When it comes to your stance, it’ll depend on what you’re looking for in a guard.
Your guard will largely influence what stance you’ll end up taking, meaning the only thing that will be different and chosen by you is whether you go orthodox or southpaw.
The rule of thumb tends to be your dominant hand goes at the back.
The movement that you use in the ring will help you to keep on top of your opponent and to keep the pressure on.
Manoeuvrability is key to make sure you don’t give your opponent too much time to catch his breath.
The way it goes in boxing is if you’re on two limp legs, you’re ready to be looking at the ceiling. Here are some tips on footwork in the ring:
- Cutting Off – With the fancy movers in the ring, they’re happy to keep moving and countering a chasing foe. Your best bet is to predict your opponent’s next location and cut him off. It closes the distance, and you’re less likely to get punched 25 times more than you’re punching.
- False Movement – When you’re trying to work an opening from distance, moving closer and further away to knock-off your opponent’s ranging for jabs and straights. Move in and out before using a lunging jab to create the best possible opening for you in the early rounds. In the later rounds your foe will likely have adapted to it.
- Jabs are forever – You can mask steps and lunges with jabs. They’re the most under-appreciated punch in the boxing world to fans because they aren’t massive and powerful, but using jabs to mask your movement is a great way to get close and keep your opponent pressured.
- Slips Are A Goldmine – You need to be able to slip punches. For shorter fighters that the swarmer style is great for, without slipping punches you’ll get KO’d sooner than you’d think. Being able to slip a punch can give you an edge to strike at a vulnerable opponent.
- Don’t be afraid to Hold a Glove – When boxers strike and get blocked or slipped, there’s occasionally the opportunity to hold your opponents glove with a closed arm. This should open up your opponent for a brutal body shot. It’s important to note that grabbing the arm with your glove is an illegal move.
Punches & Combinations
Punches and combos are how you’re going to win the fight or at least put the other guy on his ass. As the swarmer technique, it’d be wise to consider this method is for smaller fighters.
This means you may see some moves that aren’t necessarily compatible with really tall fighters.
For example, the overhand may not be as effective against a much smaller opponent unless they have a low guard.
Your guard is important.
It’s what stops you from taking it right in the teeth or the jaw, so deciding what works for you is going to require some defensive practice and eventually sparring. Always remember to keep your guard up.
Wilder in Wilder vs Fury 2 had a lower guard than he should of, then he paid for it repeatedly, including with a bloody ear. Professional boxers tend to work on hand speed to allow for a lower guard at times and if they see an incoming punch they try and block, and sometimes counter.
Pacquiao in Pacquiao vs Mosley shows a prime example of that hand speed coming up as an advantage on defence too.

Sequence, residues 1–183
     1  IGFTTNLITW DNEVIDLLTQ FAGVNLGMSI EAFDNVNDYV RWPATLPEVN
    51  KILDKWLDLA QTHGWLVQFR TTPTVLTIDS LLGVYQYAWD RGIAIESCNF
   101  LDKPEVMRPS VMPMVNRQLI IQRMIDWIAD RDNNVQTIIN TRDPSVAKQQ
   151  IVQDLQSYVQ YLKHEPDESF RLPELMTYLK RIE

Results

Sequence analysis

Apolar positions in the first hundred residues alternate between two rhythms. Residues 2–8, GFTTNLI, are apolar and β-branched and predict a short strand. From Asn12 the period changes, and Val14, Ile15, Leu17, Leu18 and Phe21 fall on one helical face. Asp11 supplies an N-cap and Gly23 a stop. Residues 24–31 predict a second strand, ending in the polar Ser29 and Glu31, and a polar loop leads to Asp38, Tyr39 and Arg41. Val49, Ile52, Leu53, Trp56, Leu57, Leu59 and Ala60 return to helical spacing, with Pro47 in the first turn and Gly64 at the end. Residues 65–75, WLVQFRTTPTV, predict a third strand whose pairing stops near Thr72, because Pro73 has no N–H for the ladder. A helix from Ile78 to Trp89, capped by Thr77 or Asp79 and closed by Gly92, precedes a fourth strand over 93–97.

Some of you that are new to boxing may not be familiar with the overhand, as it’s not used all that often in the higher weight classes these days, and tends to be used in the lower weight classes.
The overhand punch is performed by the rear hand in most cases, and is similar to a hook, but it comes in at a downward ark.
Think like a catapult launching rocks over walls to cause damage. It’s the same principal and an overhand can be absolutely devastating.
Working on your combos is one of many things that can be the difference between a big juicy win and a soul-crushing loss.
It’s great that you can land a jab or a straight, but if you can’t really follow up then you’re going to be in trouble when your opponent throws a flurry of punches your way.
Jab + Cross + Lead Hook
It’s a nice starting point for a couple of reasons. Firstly it’s a good way to close the distance while asserting dominance.
Secondly it’s a nice, basic combination that should be practiced most of all. If done well, it’s an amazingly underrated combination.
Lead Body Hook + Lead Head Hook + Rear Head Hook + Lead Uppercut
Throwing the two lead hooks first should hopefully keep the opponent guessing, but this isn’t worth relying on all that much.
It’s worth practising, and it’s worth working up your hand speed with your hooks to make it work.
(Against The Ropes) Throwing Mixed Hooks + Rear Uppercut
When your opponent is up against the ropes, you’ll be as close as you’re going to get outside of a clinch.
Beware your opponent trying to outmanoeuvre you, if they can slip off the ropes, they’re snatching an advantage right out of your gloves. Be prepared for them to move left or right.
Jab + Lunge
This is important to the swarmer style. There’s nothing that will close the distance and buy you time like a jab and lunge.
It’s effective, but remember you’ll need to escape quickly after throwing a flurry. If you don’t escape and you have a strong opponent, you could end up taking a close range hook with a lot more accuracy.
There are a few important things to remember. The list below should explain it well:
- Inside Boxers – Inside boxers use more powerful punches, but tend to be shorter and therefore lacking reach. Find whatever the best way is for you to close the distance.
- Closing The Distance – When fighting against taller boxers, you need to remember that if you don’t close the distance at every opportunity then you’ll be eating more jabs than you should be. If you’re a southpaw you might eat a lot anyway.
- Dealing with Faster Boxers – Faster boxers are going to slowly but surely hit you until you go down. With boxers with great footwork, you might have the problem of being circled and punched repeatedly. The best approach to deal with faster opponents with great speed and footwork is to cut off the ring, and then close the distance to the inside.